May 25, 2023 By Liz Klein
Mom2Mom (M2M) is a women’s support group for and by moms, encouraging candid conversation and honest discussion about mental health, removing stigma while inspiring community.
This all started with a conversation on a porch, between two newly reconnected friends who dared to be honest with one another about mental health. Sharing personal stories and struggles of their own and of loved ones with bipolar, anxiety, depression and suicide, they contemplated how, and if, they could ever help to change the mountain of stigma surrounding mental health.
Then, pushed by tragedies that impacted our town so deeply last fall with two parents taking their own lives, they both had the same reaction – it is officially time they do something.
Logically, they knew they were not the only two women in town impacted by various aspects of mental health. These heartbreaking deaths crystalized that, pushing them to finally act. The mental health stigma, from generations of shame, guilt, misunderstanding, and lack of proper support for anyone in need of help or guidance, is real. Mom2Mom wants to change that by normalizing mental health struggles and encouraging transparent discussion, the same way we’d talk about other medical issues.
These two friends reached out to various women in Hingham that would bring different social and/or professional understanding and perspectives, asking if they would be interested in getting together to brainstorm if, and how, they could find a way to support women in Hingham. After a few months of get-togethers and discussions, Mom2Mom (M2M) came to be. The M2M team is comprised of 10 Hingham moms: Emily Dowal, Julie Polmonari, Sarah Deady, Adrien Duncan, Ally Hart, Liz Klein, Meena LaRonde, Carolyn Malone, Heather Smith and Amanda Shields. The team shares one common bond – finding ways to support women in Hingham who are struggling in any capacity, big or small, with anxiety, depression, grief, the sometimes overwhelming day-to-day challenges of family, work, and life, or any other challenges they face.
The M2M team knows the stigma associated with mental health and mental illness continues to plague our community and society. The pressure many women feel that they have to keep up appearances while hiding their struggles is real, often out of fear of judgment. Too often, women – and moms, in particular – put their needs at the bottom of the “to-do” list because of an unwavering commitment to supporting their families, their careers and/or their social obligations.
M2M hopes you agree – it’s enough. It’s time to break the mental health stigma and stop hiding our struggles because of it. It’s time to start talking about mental health challenges in the same way we talk about any other medical issue. It’s time to normalize being able to stand up, raise one’s hands and say out loud, “I need help,” “I’m struggling,” or “I need support” without fear of being judged. This is the community M2M wants to create – and it’s the type of community we want Hingham to be.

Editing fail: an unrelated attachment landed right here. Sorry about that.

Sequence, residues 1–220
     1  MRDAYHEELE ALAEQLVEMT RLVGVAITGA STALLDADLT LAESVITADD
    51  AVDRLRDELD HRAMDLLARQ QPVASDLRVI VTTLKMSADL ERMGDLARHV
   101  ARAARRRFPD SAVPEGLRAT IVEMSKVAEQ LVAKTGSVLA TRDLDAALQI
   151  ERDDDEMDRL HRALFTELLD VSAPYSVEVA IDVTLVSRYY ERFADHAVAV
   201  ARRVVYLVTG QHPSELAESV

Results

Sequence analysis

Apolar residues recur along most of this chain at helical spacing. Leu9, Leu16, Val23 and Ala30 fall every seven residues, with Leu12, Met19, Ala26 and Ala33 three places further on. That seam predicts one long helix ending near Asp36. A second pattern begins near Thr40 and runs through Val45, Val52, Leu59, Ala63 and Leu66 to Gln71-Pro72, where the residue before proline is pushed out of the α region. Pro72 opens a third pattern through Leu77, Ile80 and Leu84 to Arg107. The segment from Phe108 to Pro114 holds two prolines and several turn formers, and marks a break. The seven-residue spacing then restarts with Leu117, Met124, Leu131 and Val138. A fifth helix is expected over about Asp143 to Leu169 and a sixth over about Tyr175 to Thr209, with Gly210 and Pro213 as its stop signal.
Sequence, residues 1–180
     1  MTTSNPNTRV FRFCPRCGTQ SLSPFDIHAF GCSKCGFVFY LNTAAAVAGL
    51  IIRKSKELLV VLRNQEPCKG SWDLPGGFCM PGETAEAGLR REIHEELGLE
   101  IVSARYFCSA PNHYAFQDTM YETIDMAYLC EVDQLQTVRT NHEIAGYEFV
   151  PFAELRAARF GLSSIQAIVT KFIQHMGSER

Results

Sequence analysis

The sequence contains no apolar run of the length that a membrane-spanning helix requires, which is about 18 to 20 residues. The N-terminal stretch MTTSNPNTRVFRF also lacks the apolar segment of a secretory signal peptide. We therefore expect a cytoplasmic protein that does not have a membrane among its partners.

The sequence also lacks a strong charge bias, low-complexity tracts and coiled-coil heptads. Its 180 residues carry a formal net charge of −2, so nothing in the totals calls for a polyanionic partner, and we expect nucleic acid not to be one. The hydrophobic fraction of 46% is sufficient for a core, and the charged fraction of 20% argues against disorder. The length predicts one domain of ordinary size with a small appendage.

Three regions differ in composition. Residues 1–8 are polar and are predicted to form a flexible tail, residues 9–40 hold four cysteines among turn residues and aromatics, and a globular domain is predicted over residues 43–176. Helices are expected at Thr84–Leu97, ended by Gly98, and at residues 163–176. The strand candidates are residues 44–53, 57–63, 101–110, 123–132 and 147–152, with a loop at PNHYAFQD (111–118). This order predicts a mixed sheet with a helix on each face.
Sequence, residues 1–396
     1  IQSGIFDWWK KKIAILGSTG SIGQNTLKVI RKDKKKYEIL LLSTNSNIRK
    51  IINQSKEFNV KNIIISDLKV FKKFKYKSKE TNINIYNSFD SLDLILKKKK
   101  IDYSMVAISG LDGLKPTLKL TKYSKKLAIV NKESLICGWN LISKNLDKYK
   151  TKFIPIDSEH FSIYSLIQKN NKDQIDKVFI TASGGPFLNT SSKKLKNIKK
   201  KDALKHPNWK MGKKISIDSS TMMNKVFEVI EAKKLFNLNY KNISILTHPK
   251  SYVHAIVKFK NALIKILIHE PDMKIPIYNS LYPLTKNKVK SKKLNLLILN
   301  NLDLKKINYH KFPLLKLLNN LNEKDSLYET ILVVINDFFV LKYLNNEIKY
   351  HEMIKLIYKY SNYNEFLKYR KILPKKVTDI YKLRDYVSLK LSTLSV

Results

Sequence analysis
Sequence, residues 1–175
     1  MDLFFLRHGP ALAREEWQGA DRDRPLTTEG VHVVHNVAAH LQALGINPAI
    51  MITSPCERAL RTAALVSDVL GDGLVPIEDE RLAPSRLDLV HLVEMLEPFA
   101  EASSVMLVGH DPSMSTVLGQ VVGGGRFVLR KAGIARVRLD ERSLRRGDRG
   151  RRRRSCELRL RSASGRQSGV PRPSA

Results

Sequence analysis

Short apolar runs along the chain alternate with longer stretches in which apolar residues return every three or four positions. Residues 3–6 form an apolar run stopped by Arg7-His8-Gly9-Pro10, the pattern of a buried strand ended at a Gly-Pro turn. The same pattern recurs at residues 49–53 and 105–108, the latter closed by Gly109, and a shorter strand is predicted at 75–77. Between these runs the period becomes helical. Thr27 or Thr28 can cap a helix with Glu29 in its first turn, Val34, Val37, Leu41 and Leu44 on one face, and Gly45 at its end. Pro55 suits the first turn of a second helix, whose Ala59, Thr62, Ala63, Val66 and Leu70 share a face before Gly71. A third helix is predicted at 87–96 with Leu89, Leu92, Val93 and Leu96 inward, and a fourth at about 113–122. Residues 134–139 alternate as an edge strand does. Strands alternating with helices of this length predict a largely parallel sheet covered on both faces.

If you or anyone you know is facing similar challenges, could use an outlet, just wants to listen, or find out how to better support themselves and others, M2M is here to help. Please join us for our ongoing series, on the first Thursday of every month (next meeting is June 1st), at 7:30 PM at Krigsman Yoga (25 Central St, Hingham). There is no pressure to share – the hope is just by knowing you are not alone and possibly finding a new connection with someone going through a similar situation, we can start breaking the stigma surrounding mental health. When you join us, please note that casual, comfortable attire is highly encouraged. We welcome you to bring a mat, blanket or chair to sit on, and look forward to supporting you alongside moms in our community who care.
4 thoughts on “Hingham Moms work to end mental health stigma.”
Way to go ladies!!! Julie I am so proud of you for doing something so important!!! Let me know if I can ever be of help. You all are saving families and lives. Hope more will follow in your footsteps!!!
Removing stigma begins by removing teaching it. I see no signs we are ready to stop teching it.
Harold A Maio
It is interesting how easily we are taught “there is a stigma” to mental illnesses. How willingly we accept it.
Harold A Maio
Is there a sign up required to join?